Hawaii wildfires: The red Lahaina house that survived Maui fires
Pictures have gone viral of a single red-roofed home that appears virtually unscathed as the neighbourhood around it has been reduced to piles of ash and rubble from the Maui fires.
The 100-year-old wood house on Front Street is still standing as most of the town of Lahaina has been destroyed.
Its owners have been left wondering what spared it.
From pictures, “it looks like it was photoshopped in”, owner Trip Millikin told Honolulu Civil Beat.
The search and recovery efforts are still ongoing in Maui, with 114 confirmed deaths so far.
Officials say some 850 people are missing, but over 1,200 people who had been on the list have been found safe.
The blazes destroyed most of the historic Maui town of Lahaina and the fires are now considered the worst natural disaster in Hawaii state history.
President Joe Biden arrived in Hawaii on Monday to see the devastation.
The red-roofed home’s owners were on a trip to Massachusetts when they heard news of the fire.
Mr Millikin and his wife learnt that the whole neighbourhood had been caught in the blaze and would likely burn down. But the next morning, aerial footage showed their house was intact.
“We started crying,” he told Honolulu Civil Beat. “I felt guilty. We still feel guilty.”
Mr Millikin and his wife said they are unsure exactly what saved their home. Two years ago, the couple purchased the 100-year-old property that used to be a bookkeeper’s house for employees of a sugar plantation.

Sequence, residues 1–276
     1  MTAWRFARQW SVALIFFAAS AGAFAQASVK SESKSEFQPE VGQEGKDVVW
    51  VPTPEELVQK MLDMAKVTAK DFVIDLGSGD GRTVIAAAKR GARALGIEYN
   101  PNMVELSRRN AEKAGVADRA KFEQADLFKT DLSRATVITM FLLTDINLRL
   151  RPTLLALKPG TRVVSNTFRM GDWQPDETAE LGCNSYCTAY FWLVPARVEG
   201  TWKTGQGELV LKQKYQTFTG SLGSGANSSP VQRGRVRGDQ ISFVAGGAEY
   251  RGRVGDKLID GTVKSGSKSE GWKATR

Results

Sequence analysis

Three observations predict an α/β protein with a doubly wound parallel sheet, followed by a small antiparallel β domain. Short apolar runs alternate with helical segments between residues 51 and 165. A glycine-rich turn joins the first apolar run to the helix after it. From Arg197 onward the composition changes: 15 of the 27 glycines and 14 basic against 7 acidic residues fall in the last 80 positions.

Mr Millikin and his wife said the house was in disrepair, so they sought to restore it. It may have been these renovations that saved the home, the pair told US media.
They switched out the home’s asphalt roof for one with heavy-gauge metal, surrounded the house with river stones and removed foliage around it. But none of these actions were meant to stop a blaze, they said.
“It’s a 100% wood house, so it’s not like we fireproofed it or anything,” Dora Atwater Millikin told the Los Angeles Times.
She said as the fires blazed, large pieces of wood would hit people’s roofs. “If it was an asphalt roof, it would catch on fire. And otherwise, they would fall off the roof and then ignite the foliage around the house,” she said.
She added that the home’s distance from its neighbours may have also served as a cushion.
The couple say they hope to return to Lahaina when it’s safe, and when they do, they plan to offer up their home for the many who have lost theirs.
“Many people have died,” said Ms Atwater Millikin. “So many people have lost everything, and we need to look out for each other and rebuild. Everybody needs to help rebuild.”
This article originally appeared on www.aol.com